Author Topic: Highly anticipated low-end MCUs  (Read 28567 times)

0 Members and 1 Guest are viewing this topic.

Offline dannyf

  • Super Contributor
  • ***
  • Posts: 8229
  • Country: 00
Highly anticipated low-end MCUs
« on: March 27, 2014, 07:08:54 pm »
What are the low-end MCUs that you look forward to playing with?

For me, it is STM32F030F, a 20pin CM0 chip. For its form factor, performance, versatility and low price.

It is my replacement for the equally low-end 16F684.
================================
https://dannyelectronics.wordpress.com/
 

Offline dannyf

  • Super Contributor
  • ***
  • Posts: 8229
  • Country: 00
Re: Highly anticipated low-end MCUs
« Reply #1 on: March 27, 2014, 07:10:16 pm »
Not to mention it's isp-capable.
================================
https://dannyelectronics.wordpress.com/
 

Offline Laurynas

  • Contributor
  • Posts: 47
  • Country: lt
Re: Highly anticipated low-end MCUs
« Reply #2 on: March 27, 2014, 09:13:14 pm »
http://www.cypress.com/?rid=92146

MCU is available for some time and i already used about a dozen of them, but this prototyping kit is great when i want something simple like arduino, but with "proper" IDE and chip :)
 

Offline HackedFridgeMagnet

  • Super Contributor
  • ***
  • Posts: 1939
  • Country: au
Re: Highly anticipated low-end MCUs
« Reply #3 on: March 27, 2014, 09:30:49 pm »
Just designed a board using the STM32F030F, finished and ordered yesterday. But only RS components seem to have the chips in stock now. Hopefully they will make more soon.

By ISP you mean the SWD on the STM32s?
 

Offline dannyf

  • Super Contributor
  • ***
  • Posts: 8229
  • Country: 00
Re: Highly anticipated low-end MCUs
« Reply #4 on: March 27, 2014, 10:14:04 pm »
Quote
MCU is available for some time

Wow! That's really interesting.
================================
https://dannyelectronics.wordpress.com/
 

Offline miceuz

  • Frequent Contributor
  • **
  • Posts: 373
  • Country: lt
    • chirp - a soil moisture meter / plant watering alarm
Re: Highly anticipated low-end MCUs
« Reply #5 on: March 27, 2014, 10:59:53 pm »

Offline nuhamind2

  • Regular Contributor
  • *
  • Posts: 138
  • Country: id
Re: Highly anticipated low-end MCUs
« Reply #6 on: March 28, 2014, 01:01:09 am »
By ISP you mean the SWD on the STM32s?
I think he means the uart bootloader
 

Offline Psi

  • Super Contributor
  • ***
  • Posts: 7367
  • Country: nz
Re: Highly anticipated low-end MCUs
« Reply #7 on: March 28, 2014, 01:30:12 am »
I have a STM32F030  discovery kit here somewhere but ive not played with it yet.

Definitely seems like a good replacement for the larger AVRs which can get up to $10 each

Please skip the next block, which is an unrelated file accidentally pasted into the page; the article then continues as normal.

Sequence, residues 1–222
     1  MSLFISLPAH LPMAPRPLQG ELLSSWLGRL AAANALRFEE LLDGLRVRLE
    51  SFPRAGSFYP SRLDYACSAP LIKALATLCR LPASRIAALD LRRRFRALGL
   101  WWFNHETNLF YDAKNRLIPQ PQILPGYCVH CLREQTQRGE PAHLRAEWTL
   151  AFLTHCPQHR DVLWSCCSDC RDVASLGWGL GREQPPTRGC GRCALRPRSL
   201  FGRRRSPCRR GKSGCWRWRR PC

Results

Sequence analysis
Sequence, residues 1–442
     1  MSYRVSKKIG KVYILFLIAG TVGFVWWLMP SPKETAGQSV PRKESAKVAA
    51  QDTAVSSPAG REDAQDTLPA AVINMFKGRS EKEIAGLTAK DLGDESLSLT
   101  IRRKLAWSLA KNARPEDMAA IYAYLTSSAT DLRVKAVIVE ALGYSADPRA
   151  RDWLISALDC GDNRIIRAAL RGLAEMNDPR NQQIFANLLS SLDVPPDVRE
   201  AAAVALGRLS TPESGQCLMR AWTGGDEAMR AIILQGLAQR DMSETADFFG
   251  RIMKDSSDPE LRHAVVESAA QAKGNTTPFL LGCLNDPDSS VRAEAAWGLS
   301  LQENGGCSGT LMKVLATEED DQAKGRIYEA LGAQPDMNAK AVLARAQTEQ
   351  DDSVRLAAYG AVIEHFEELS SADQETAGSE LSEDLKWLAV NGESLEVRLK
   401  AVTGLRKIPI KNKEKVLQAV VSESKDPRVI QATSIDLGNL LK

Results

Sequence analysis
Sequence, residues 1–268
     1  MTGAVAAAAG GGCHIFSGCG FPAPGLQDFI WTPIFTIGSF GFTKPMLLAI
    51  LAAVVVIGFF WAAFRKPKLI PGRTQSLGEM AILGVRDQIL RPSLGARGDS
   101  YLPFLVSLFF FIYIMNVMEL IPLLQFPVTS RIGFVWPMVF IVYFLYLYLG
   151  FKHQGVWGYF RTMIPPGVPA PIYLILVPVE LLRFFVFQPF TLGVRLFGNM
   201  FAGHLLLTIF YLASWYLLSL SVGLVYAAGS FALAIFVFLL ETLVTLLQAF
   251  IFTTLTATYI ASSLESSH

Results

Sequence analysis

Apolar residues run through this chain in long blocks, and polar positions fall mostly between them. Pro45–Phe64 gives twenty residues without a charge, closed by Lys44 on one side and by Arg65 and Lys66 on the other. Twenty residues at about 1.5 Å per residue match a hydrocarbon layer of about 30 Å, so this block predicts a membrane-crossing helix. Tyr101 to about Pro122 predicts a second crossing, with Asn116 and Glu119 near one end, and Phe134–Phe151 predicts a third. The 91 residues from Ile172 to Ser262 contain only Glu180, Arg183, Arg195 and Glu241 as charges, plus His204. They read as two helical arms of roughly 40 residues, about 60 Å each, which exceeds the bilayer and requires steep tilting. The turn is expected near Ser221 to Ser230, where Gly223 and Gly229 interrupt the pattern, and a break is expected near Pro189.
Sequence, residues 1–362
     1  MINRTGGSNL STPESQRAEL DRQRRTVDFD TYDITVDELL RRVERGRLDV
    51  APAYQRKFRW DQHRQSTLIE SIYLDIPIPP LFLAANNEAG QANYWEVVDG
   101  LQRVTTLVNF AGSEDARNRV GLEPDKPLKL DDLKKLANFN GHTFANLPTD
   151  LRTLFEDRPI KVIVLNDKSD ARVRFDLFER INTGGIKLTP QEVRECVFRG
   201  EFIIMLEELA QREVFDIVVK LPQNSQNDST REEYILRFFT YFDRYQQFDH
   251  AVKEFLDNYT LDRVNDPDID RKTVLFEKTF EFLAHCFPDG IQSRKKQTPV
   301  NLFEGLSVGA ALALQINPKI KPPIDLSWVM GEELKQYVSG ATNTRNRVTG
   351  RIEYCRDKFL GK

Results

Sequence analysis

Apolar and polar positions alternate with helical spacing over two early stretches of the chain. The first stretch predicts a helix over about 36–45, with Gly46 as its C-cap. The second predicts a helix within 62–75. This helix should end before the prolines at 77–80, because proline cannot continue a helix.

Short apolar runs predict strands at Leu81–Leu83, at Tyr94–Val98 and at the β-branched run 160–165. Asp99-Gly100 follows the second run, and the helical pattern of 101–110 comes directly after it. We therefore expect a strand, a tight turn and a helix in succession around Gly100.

Greek letter 'Psi' (not Pounds per Square Inch)
 

Offline miguelvp

  • Super Contributor
  • ***
  • Posts: 5549
  • Country: us
Re: Highly anticipated low-end MCUs
« Reply #8 on: March 28, 2014, 01:43:11 am »
http://www.cypress.com/?rid=92146

Nice!! 24MHz or 48MHz with programmable logic blocks? decisions decisions decisions, might as well get both! or many of each, but more of the 4200s.

Nah I'll start with one of each for now, Thank you VERY much!

 

Offline andyturk

  • Frequent Contributor
  • **
  • Posts: 892
  • Country: us
Re: Highly anticipated low-end MCUs
« Reply #9 on: March 28, 2014, 01:54:18 am »
... i want something simple like arduino, but with "proper" IDE and chip
A "proper" IDE would actually let you write C++ code. :-(
 

Offline miguelvp

  • Super Contributor
  • ***
  • Posts: 5549
  • Country: us
Re: Highly anticipated low-end MCUs
« Reply #10 on: March 28, 2014, 02:07:22 am »
... i want something simple like arduino, but with "proper" IDE and chip
A "proper" IDE would actually let you write C++ code. :-(

Not with 32kB of Flash RAM, 4kB of SRAM and 4kB of ROM
 

Offline miguelvp

  • Super Contributor
  • ***
  • Posts: 5549
  • Country: us
Re: Highly anticipated low-end MCUs
« Reply #11 on: March 28, 2014, 02:24:23 am »
More pricey PSOC 4200 at $25 but with Arduino header and capacitance slider, leds etc
http://www.element14.com/community/docs/DOC-53992

Edit:
Features
PSoC® 4200 SoC
- ARM Cortex™-M0
- 48MHz CPU
- Supports an extremely low-leakage hibernate mode consuming only 150nA, and also 20nA best-in-class stop mode
Arduino® Shields and Pmod™ Compatible interface
CapSense® Slider with SmartSense™ Auto Tuning
RGB LED
User button and more!
« Last Edit: March 28, 2014, 03:53:50 am by miguelvp »
 

Offline true

  • Frequent Contributor
  • **
  • Posts: 296
  • Country: us
  • INTERNET
Re: Highly anticipated low-end MCUs
« Reply #12 on: March 28, 2014, 04:03:01 am »
Waiting for general availability and general pricing for STM32F042...

Also using STM32F030F4P6, nice little chip.
 

Offline Laurynas

  • Contributor
  • Posts: 47
  • Country: lt
Re: Highly anticipated low-end MCUs
« Reply #13 on: March 28, 2014, 08:14:31 am »
That pioneer board also has a PSoC5 along with PSoC4 (M3 core, much more regular stuff and programmable digital blocks).
I got a couple of those boards, but I'm more excited about small, cheap, basic dev boards :)
 

Offline Seg

  • Regular Contributor
  • *
  • Posts: 71
  • Country: us
Re: Highly anticipated low-end MCUs
« Reply #14 on: March 28, 2014, 08:36:07 am »
... i want something simple like arduino, but with "proper" IDE and chip
A "proper" IDE would actually let you write C++ code. :-(

Not with 32kB of Flash RAM, 4kB of SRAM and 4kB of ROM

By "C++" do you mean "STL"? Because STL on a micro is insanity.
 

Offline mikeselectricstuff